Oh yes
     
  12. I just did a quick search for 4x5 Xray film and didn't come up with anything....and I'd very much like to give this film a shot after seeing Michael Darnton fantastic portraits.
    My question is, should I buy the 8x10 and cut it in half? It seems to be readily available.
     
  13. Try a search on the" large format photography DOT info" forums for threads on using X-Ray films.
     
  14. you can get the film at the filmphotographyproject - i got some for 4x5 but havent tried shooting any as of yet as Im getting confusing posts about developers and times.
    I only have access to HC-110 and Rodinal. But seeing different times and same dilutions. I will probably try it this spring though. Too cold out there this winter.
     
  15. I see this is an old thread, but I wanted to add some info that might help others later. If you are looking for economy, it is much cheaper to buy 8x10 sheets and cut them to size. I bought a 100 sheet box of the Agfa Green 8x10 on Amazon for $39. I don't know how or if that would differ from the Fuji green. You can handle the green under a red safelight (I bought $5 red LED sign bulbs, the small round kind that fits in a regular light socket) I set up my rotary paper cutter in the darkroom and trimmed the 8x10 sheets down to 4x5 (4 sheets per 8x10) giving me 400 sheets of 4x5 for about $40, or 10 cents per sheet! I also cut some to smaller sizes for cheap experimentation in any number of vintage and antique cameras.
     
  16. The only medical X-ray film I bought was not sized for camera film holders.

    I also bought some 8x10 x-ray film for industrial rather than medical/diagnostic use. I haven't used it yet, so I don't know if it's literally 8"x10" or whatever nominal size is for the film holder. The industrial type had single emulsion. I'm told double-emulsion reduces the required duration of exposure for living things being x-rayed.

    Someone told me he puts glass in the bottom of his developing tray, and uses a Japanese hake for the 'brush development technique'. He also never had any problem with the 2nd emulsion scratching. I also think he said he dumped the tray and changed the chemicals rather than moving the negative from tray to tray. Odd that English speakers call those Japanese hakes 'hake brushes'. 'Hake' is Japanese for 'brush'. They are very soft, wide brushes with a felt or other textile material instead of bristles, and thread stitching instead of a metallic 'clamp'. The non-metallic construction makes them good for alt-processes that might not like aluminum or iron.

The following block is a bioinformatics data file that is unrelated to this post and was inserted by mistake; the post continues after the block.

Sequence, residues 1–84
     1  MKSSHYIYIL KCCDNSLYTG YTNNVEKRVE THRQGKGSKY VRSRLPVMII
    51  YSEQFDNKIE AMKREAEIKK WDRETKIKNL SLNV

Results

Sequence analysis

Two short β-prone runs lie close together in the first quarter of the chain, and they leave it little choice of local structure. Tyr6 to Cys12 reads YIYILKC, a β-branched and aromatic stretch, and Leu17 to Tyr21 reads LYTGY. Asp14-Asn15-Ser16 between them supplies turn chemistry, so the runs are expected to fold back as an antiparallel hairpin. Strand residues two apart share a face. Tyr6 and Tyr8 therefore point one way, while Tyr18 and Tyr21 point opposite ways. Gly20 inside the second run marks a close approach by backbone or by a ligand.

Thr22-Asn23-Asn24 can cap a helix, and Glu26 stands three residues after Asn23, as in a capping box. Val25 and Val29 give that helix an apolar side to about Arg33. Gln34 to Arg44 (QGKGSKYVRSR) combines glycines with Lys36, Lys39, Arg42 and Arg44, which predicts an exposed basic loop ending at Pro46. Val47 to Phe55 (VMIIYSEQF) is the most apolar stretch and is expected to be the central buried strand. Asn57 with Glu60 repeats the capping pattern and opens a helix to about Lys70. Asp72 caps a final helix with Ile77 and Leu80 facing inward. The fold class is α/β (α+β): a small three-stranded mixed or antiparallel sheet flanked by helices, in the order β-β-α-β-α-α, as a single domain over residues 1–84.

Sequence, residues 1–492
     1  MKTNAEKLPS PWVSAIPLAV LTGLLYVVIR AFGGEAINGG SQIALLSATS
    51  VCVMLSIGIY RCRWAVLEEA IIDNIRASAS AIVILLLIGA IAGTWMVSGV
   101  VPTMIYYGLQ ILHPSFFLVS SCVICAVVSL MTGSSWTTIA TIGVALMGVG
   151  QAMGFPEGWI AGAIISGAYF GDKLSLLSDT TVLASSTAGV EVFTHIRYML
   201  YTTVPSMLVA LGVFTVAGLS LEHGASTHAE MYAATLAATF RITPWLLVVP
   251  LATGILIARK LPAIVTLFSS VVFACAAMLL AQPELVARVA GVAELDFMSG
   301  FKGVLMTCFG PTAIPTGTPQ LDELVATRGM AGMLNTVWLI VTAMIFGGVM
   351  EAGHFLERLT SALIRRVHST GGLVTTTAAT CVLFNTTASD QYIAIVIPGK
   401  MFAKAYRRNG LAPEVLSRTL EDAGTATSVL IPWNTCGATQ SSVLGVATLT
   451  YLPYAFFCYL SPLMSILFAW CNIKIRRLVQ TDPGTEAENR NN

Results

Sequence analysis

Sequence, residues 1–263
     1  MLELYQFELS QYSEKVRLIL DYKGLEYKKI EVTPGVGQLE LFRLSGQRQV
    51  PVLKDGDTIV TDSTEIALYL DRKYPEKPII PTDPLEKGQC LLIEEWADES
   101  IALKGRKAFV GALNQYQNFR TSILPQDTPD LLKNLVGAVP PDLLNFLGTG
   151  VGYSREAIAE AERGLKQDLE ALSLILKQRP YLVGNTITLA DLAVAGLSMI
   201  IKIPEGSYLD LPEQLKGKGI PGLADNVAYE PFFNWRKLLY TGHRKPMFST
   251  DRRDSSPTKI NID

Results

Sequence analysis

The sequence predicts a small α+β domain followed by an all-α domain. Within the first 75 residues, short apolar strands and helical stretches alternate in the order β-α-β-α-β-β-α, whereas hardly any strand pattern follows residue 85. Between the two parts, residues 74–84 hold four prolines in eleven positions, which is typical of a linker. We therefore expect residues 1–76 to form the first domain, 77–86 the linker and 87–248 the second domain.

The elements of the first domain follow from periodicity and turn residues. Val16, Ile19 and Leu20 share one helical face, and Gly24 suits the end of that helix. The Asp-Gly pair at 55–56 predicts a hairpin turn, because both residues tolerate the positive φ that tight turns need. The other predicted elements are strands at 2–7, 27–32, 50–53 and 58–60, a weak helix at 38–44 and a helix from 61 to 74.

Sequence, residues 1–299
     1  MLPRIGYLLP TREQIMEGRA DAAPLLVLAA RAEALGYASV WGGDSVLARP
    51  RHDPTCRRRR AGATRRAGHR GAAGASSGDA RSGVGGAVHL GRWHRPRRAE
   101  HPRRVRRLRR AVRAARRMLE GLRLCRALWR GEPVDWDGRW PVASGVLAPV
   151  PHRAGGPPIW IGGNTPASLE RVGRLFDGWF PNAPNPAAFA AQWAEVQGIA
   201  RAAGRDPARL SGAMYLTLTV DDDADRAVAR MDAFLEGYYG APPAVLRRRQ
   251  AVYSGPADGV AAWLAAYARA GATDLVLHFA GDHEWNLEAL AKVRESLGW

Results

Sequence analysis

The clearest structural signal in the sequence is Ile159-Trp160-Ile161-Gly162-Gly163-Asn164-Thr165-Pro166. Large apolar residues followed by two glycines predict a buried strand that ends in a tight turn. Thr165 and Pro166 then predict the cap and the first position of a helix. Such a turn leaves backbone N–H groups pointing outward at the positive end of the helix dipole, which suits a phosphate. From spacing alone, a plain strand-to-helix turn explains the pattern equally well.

17. I have been working from a 100 sheet pack of Fuji HR-T for pinhole use. The nominal 8x10 film works fine in standard 8x10 holders. In general, the regular sheet films are about 0.05" or 0.06" smaller than the nominal size. That implies if you cut an 8x10 into 4x5 it will be necessary to cut a very narrow sliver off some of the pieces.

    The HR-T is double-sided. I develop 8x10 in Cesco smooth bottom trays -- no ribs -- using HC110 1+63 for developer. I've only used it for pinholery, so I've no experience with portraits, just landscape and architectural sorts of stuff. I typically shoot at about an effective index of 50 and develop about 3:30 in the Dilution H, which is essentially pulling to reduce contrast. It's fun and relatively inexpensive, but I don't claim to do anything really serious with it.

    A few of my better examples -- and the camera -- may be seen HERE.
     
  18. Thanks, Dave, on confirming the film fit.

    About glass plate in bottom of tray, the reason the other person did that was so it was smooth to avoid scratching bottom-placed emulsion. He drained the tray and added the next liquid, so the handling of the negative was minimal. I don't recall any wording about flipping the negative.

    I can only remember that he was an African photographer living in France. His still life macros were gorgeous, on all types of film he used.